Between our sound check and our show last night, in Denton, we had a couple hours to kill. We stopped at the amazing Recycled Books there in the town square. First of all it was bad judgment on my part to even enter the store. There is no place that will siphon money off of me faster than a book store that also sells records. While we were in the store I thought about asking Shinyribs if we could put a tip jar out later that night just to even out the damage that I knew I was about to do to my wallet. For you see there is nothing I love more than books and records. If someone pulled up in a Lamborghini and someone pulled up in a Pinto, albeit with a copy of The Queen is Dead and A Good Man is Hard to Find in the passenger seat, I know who I would be riding with; it wouldn’t be in the Lamborghini.
Anyway, I was able to summon up some monumental restrain out of my soul, for maybe the first and last time, and keep it down to two purchases. I got a book of interviews with Monty Python and the first Black Sabbath album. Other than the fact that both are from England and that both were ground breaking in their respective fields, there isn’t really a straight line that you can draw from one to the other. But I believe it is that exact kind of blending of arts and ideas that is important to staying creative and inspired.
One should be able to enjoy listening to synth pop, heavy metal, and folk music in the same day. One should be able to watch David Lynch’s Blue Velvet and a children’s movie and be able to pull something meaningful from both. Especially in this day and age of technology, when so much has already been done, the only chance in hell that you have is of possibly putting two things together that have never be paired off before. And the truth is I can find nothing more boring that being part of a subculture and living by a set of finite rules.
When pop music, or any art form, was new, it was probably Ok to sequester yourself in a certain genre as that genre was coming into formation. The first punk albums were revolutionary, but very quickly became formulaic. You might need someone with strong beliefs and rules to start a movement, but very quickly those rules become a prison.
It still blows my mind today when someone is in a country band, or a rockabilly band, or whatever. That would bore me to tears. You are basically just recreating a lesser version of something that has probably reached it’s high water mark in years past. Even the bands that are best at these kind of genre tributes seem to me to be more actors playing roles, than living breathing artists.
That’s not saying that whatever art form you choose, painting, music, film, doesn’t need some kind of guiding principle. I am in a rock n roll band and a country\soul band, but even those are starting points and marketing descriptions. In my rock band we might throw in an African gumboots riff, and in my country\soul band a stray Led Zeppelin riff might suddenly appear. If you really listen to the great bands, other than the ones that were the initial formers of a certain genre, they are usually way more weird and eclectic than they first appear. Johnny Marr was throwing in Chic riffs into the Smiths. The Rolling Stones, what many people see as the quintessential rock band, have done country, reggae, disco, and soul music. I think it is very important to have a definitive outlook and operating principle, otherwise your art can become bland and have no point of view, but don’t allow that to become so static that nothing new can ever enter the fold.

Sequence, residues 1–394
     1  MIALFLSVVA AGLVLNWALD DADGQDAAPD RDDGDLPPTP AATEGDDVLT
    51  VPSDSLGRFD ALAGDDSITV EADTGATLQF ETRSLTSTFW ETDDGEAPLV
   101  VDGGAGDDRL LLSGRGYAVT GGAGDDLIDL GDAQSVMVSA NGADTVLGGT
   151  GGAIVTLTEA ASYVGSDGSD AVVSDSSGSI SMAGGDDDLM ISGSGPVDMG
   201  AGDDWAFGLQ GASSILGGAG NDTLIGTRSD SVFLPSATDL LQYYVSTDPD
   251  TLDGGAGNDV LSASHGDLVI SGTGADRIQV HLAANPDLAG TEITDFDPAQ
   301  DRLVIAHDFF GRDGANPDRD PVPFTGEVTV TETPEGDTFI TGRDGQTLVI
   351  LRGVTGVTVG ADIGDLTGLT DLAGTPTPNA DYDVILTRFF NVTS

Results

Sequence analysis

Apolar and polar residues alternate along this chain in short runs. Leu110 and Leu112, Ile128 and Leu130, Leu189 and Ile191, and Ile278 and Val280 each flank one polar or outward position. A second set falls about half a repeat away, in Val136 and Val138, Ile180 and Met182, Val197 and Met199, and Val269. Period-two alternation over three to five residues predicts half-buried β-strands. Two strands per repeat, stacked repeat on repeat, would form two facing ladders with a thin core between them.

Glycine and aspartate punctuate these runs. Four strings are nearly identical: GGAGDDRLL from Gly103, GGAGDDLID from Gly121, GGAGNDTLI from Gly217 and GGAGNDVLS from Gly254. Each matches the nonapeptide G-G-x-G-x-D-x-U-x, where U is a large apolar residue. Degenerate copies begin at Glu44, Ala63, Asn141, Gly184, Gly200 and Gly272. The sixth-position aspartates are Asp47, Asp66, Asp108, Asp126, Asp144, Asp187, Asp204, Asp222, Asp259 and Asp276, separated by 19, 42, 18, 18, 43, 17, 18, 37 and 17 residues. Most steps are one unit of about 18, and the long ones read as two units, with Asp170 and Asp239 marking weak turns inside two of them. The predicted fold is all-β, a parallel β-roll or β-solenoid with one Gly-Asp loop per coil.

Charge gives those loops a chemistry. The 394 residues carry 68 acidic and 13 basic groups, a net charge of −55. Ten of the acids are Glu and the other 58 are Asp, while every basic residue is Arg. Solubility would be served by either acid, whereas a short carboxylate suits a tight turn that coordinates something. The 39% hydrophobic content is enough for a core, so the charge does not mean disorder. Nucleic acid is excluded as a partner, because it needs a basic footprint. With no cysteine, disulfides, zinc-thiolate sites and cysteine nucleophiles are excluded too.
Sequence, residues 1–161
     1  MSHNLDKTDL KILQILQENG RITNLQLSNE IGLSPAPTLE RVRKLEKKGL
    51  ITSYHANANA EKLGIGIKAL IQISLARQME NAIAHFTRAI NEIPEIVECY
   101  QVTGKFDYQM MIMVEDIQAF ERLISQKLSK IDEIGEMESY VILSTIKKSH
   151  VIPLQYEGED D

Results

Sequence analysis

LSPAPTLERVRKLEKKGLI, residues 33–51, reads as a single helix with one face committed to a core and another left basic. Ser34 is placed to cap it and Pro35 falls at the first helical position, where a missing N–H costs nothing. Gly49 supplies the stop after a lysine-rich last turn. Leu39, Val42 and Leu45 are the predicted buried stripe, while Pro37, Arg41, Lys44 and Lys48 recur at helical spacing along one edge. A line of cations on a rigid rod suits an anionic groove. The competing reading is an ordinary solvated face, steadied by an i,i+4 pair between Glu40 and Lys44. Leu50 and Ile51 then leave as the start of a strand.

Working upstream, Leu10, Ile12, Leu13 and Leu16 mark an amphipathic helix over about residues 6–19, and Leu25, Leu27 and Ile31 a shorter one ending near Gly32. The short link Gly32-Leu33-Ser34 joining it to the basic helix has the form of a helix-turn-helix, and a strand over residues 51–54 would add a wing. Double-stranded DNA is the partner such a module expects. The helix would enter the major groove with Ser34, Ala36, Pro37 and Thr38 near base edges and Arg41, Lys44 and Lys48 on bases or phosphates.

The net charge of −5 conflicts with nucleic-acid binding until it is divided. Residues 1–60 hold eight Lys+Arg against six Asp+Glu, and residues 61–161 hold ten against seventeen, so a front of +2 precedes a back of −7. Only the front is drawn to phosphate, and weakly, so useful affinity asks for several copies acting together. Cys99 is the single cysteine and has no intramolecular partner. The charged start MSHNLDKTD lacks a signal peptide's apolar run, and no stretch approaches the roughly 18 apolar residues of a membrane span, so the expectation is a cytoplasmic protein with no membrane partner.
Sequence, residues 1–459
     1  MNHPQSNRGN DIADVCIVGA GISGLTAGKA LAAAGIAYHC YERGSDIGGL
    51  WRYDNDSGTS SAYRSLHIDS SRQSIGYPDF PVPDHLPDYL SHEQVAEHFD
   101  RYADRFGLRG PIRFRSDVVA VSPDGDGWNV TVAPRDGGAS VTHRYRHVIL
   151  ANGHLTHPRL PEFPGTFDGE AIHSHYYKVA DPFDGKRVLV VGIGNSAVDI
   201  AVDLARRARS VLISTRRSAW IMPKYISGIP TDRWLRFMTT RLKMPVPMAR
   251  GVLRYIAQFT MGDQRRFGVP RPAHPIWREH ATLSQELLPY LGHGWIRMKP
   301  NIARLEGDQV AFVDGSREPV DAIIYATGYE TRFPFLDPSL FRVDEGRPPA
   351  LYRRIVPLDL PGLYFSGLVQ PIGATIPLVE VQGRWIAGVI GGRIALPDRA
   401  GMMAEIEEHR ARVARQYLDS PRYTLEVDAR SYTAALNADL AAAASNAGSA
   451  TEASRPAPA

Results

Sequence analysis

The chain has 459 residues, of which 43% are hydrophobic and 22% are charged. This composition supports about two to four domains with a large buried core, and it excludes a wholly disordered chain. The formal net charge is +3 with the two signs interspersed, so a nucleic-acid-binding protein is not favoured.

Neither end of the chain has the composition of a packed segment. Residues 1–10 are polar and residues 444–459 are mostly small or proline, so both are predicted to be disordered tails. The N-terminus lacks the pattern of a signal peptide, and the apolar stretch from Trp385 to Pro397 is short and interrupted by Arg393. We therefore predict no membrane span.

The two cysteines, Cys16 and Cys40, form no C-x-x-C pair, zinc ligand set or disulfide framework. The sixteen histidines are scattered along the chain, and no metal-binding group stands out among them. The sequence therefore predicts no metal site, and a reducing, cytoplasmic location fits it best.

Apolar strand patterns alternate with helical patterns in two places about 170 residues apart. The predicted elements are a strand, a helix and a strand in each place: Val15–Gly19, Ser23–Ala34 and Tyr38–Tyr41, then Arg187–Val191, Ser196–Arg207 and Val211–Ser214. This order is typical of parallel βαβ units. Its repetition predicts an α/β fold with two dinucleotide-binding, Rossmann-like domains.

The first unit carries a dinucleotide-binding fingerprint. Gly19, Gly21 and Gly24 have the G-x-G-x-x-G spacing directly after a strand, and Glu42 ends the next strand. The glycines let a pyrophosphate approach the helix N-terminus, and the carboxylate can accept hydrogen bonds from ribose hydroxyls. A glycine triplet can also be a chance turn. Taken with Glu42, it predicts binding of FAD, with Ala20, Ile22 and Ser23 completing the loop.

The great directors have almost always challenged themselves. Werner Herzog has done documentaries and feature films. David Lynch has directed Eraserhead and the Straight Story. Even though one of those is a horrific nightmare of a film and the other is a G rated Disney movie, you could easily say that both of them had moments that were Lynchian. Both of those directors have very clearly established identities and personalities, but within that frame they have a lot of room to move.
There are always those that are the exception to the rule. AC\DC is a prime example in music. Larry David’s brilliant comedies always have a certain thread and personality tying them together. However, even in what they are both doing they are originals. They are not simply recreating something from the past.
If I go out to a bar and I see a country band, unless it is the greatest country band in the world, if their fourth song sounds like their first, I usually am heading home for the night. I understand that having your thing makes it easier to market, and occasionally having your thing means you have done something original, but usually it means that you are unimaginative and boring.
There is usually always someone that is smart enough to pitch even the weirdest, most surreal, and most complex art to others. It can often be hard to find that person if you are an artist. But they are out there and those people are essential. Artists need people that can translate what they do to get others to seek it out for the first time, as very few artists are good at that sort of thing. However, usually this pitch is just a starting point, a way to simplify the complex thing that you have made, so that others can find an entry way. Anyone that has art that really CAN be described in a 30 second sales pitch is probably boring. A one note song in a symphonic world, full of mystery and wonder.